Pork:  This was pulled pork and once again had a great smoke flavor.  Ours was a bit fatty, but it was still tender.  The pulled pork was in larger  clumps than you may find elsewhere, which can sometimes be very finely shredded.  It was what you would expect if you pulled pork by hand.

Turkey:  Another moist meat with good smoke flavor.  They turkey went mainly to my wife again because it is her favorite, but we all got a taste before she devoured it.

Moist sausage slices compared to brisket

Sausage:  We had the sliced sausage, which was sliced long ways, again not typical from many other restaurants.  It was fairly thin and incredibly moist.  One highlight for me was the lack of fennel.  Some sausages have so much fennel that I simply don’t enjoy them.  Elwood feels the same way.

Brisket:  I don’t know if they were having an off night, but the brisket was pretty dried out.  I will give them the benefit of the doubt that they know how to cook a good brisket, partly because of the wonderful burnt ends, and for the fact that all of their other meats were most and juicy.  Elwood and I had some discussion about this and it didn’t seem to effect our overall rating much.  When I return to Sneads, I will report back on the brisket and make the final call.

Baked Beans and Coleslaw

Sides:  We had both regular and sweet potato fries.  They were both crisp.  The sweet potato fries had such a crisp to the outside that you were thrown back for a second from the blast of flavor.  The balance of brown sugary sweetness and the light saltiness brought me back for more. We also had coleslaw and baked beans.  The slaw was fresh.  Sometimes they get a bit soggy in a refrigerator, but this was so crisp that you could tell the freshness from the first bite.  It was a bit sweet and not heavily dressed.  A pretty solid coleslaw.  The baked beans are now in my top three in the city.  The chunks of smoked meat and the consistency throughout the beans, which had two types of beans – sorry I can not tell you exactly which two as I am no expert on legumes.  The recipe for these delightful beans is the original from 1956 and they smoke them in kettles in their pit.  The smoke flavor of this unique side dish is one that can beat so many restaurants in the city that you should definitely give it a try.

The Sauce:

Original Sauce (left) & Spicy Sauce (right)

They had regular sauce on the table and we asked if they had a spicy one, which they did. Our server quickly supplied us with a bottle.  They were two different worlds.  The original sauce was good and sweet but didn’t really stand out in a city of great BBQ sauces.  It’s a bit thinner than ketchup.  The spicy sauce had a unique texture with a good bite to it.  The heat came almost exclusively from black pepper.  Again, there are better spicy sauces out there.   I tried to mix the two together, but to me they still tasted like two different sauces.  Of the two sauces, I prefer the original.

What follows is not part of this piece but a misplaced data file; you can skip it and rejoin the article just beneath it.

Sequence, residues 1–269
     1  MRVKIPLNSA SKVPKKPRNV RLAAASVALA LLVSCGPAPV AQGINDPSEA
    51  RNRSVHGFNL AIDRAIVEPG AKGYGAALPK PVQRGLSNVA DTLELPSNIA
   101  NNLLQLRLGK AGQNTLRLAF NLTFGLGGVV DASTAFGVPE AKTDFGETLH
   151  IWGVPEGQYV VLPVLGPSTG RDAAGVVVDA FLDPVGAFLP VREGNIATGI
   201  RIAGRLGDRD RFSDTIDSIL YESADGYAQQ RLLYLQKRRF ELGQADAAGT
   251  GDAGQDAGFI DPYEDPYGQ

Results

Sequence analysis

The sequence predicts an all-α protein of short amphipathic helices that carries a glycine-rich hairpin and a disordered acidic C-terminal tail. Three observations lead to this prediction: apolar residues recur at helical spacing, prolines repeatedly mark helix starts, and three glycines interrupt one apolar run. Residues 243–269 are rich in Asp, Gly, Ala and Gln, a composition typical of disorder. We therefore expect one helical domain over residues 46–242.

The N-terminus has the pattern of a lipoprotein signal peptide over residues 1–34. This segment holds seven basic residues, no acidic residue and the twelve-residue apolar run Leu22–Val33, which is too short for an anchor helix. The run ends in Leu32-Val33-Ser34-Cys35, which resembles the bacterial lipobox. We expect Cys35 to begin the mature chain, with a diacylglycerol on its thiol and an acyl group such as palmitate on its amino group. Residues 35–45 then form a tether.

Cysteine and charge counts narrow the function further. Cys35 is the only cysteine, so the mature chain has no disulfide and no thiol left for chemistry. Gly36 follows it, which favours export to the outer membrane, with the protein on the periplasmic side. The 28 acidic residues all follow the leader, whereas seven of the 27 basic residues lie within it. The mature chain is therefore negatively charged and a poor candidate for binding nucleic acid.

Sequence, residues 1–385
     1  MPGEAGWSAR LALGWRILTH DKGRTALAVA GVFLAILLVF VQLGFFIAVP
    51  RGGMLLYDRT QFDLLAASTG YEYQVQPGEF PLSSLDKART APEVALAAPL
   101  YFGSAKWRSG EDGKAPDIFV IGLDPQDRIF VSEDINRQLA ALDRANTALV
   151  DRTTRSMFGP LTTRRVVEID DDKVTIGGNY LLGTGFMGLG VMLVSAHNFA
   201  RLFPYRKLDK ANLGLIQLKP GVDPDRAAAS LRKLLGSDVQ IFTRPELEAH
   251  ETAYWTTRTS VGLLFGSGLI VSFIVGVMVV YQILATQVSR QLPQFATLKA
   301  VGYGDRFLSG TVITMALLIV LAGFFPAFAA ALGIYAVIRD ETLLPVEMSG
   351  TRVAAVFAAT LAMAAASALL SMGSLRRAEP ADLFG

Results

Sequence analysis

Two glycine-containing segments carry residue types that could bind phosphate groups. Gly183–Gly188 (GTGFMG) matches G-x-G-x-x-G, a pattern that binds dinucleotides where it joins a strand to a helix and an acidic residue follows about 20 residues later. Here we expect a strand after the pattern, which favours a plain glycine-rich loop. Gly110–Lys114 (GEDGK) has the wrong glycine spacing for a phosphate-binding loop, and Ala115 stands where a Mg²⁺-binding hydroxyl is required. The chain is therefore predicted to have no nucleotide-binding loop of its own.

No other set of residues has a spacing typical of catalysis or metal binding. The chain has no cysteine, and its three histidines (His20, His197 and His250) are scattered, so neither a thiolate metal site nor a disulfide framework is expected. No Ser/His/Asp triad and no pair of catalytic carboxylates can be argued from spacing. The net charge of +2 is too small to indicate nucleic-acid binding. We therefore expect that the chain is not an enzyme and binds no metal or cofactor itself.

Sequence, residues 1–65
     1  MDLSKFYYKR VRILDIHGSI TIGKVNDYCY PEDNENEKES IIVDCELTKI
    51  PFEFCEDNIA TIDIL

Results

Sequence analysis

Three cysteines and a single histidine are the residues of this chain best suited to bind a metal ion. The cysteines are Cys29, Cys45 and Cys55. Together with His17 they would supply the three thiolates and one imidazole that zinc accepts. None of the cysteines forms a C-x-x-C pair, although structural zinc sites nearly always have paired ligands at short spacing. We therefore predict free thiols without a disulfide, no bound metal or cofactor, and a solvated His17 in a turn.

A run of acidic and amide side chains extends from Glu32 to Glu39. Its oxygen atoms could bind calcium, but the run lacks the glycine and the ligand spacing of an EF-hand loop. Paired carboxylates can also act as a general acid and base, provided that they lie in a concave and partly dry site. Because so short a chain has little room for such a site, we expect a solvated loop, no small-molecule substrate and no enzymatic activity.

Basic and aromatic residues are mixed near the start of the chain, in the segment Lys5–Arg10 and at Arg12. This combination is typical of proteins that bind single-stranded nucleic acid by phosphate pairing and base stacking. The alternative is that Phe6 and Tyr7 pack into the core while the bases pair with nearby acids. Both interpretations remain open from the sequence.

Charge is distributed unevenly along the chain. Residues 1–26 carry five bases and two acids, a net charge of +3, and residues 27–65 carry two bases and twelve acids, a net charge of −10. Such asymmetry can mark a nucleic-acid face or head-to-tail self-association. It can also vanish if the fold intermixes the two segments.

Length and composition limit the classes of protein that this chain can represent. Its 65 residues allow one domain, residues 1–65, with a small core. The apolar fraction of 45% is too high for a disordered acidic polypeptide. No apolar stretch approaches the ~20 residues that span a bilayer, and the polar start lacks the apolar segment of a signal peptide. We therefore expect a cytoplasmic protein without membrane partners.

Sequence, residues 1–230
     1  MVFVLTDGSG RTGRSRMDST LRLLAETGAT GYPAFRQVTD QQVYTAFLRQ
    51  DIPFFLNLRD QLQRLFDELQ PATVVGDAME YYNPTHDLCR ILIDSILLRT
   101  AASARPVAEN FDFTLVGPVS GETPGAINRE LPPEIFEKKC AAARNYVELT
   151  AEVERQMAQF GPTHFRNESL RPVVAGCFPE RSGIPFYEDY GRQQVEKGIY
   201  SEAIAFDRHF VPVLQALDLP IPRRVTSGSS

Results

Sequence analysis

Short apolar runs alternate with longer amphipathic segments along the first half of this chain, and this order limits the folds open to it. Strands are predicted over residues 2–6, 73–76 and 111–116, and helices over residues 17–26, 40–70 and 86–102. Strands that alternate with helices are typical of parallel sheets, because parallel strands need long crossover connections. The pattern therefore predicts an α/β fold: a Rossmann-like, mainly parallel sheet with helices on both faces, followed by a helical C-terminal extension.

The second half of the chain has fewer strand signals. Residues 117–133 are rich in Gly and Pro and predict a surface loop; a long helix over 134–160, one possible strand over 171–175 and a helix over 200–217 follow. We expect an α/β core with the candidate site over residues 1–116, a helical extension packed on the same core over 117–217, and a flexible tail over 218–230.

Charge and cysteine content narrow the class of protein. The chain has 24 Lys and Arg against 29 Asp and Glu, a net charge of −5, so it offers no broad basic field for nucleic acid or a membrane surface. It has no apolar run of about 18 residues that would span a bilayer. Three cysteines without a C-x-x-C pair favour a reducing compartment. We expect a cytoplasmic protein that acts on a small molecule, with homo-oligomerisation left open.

The Hard Data:

Location: 17101 Holmes Rd.  Belton, MO 64012

Service Type: Table service

Alcohol Served: Boulevard wheat on tap

Website: www.sneadsbbq.com

Price:

Sandwich: $5.99

Combo Plate: $12.99

Slab: $18.95

Sides: $1.99

Desserts: $3.99-4.99

Ratings:

Category

Jake Rating

Elwood Rating

Meat

8.5/10

8.5/10

Sides

9/10

8.5/10

Sauce

7/10

7/10

Service

7/10

8/10

Value

8.5/10

9/10

Overall Grade

A-

A-

Summary:

Jake’s Take:

I had no idea about Snead’s until we started putting together the list of restaurants for our blog.  This experience is exactly why we have nobullbbq.com.  I would encourage anyone to give Snead’s a try.  For the majority of the city, this would be a destination restaurant.  It turns out that I’m about a twenty minute drive, so Snead’s will likely go into my normal barbeque restaurant rotation. I walked out of there paying $25 for myself and my wife.  The value is high based on the amount of good food we got and the experience. The quality of food, coupled with the atmosphere and beef brownies is enough to keep me coming back.

Elwood’s Take:

Like Jake, Snead’s was completely off my radar prior to compiling the list of places to visit for this blog.  Also, like Jake, this visit confirmed to me  this little blog was a good idea if for no other reason than it forces me to try new BBQ joints, and in many cases find hidden gems like Snead’s.  I found the food really tasty and it was definitely good enough to warrant another 25 min drive.  Snead’s is a great place for both locals who may not have ventured that far South for good BBQ or if you want to impress some out of town guests with an absolutely fantastic off the beaten path kind of place.

 

Snead's Bar B-Q on Urbanspoon

4 thoughts on “The Other KC Area BBQ Restaurant with a Gas Station Attached

  1. Pingback: Banking on Barbeque | No Bull BBQ – A Kansas City BBQ Blog

  2. Pingback: New Location, Same Great Taste | No Bull BBQ – A Kansas City BBQ Blog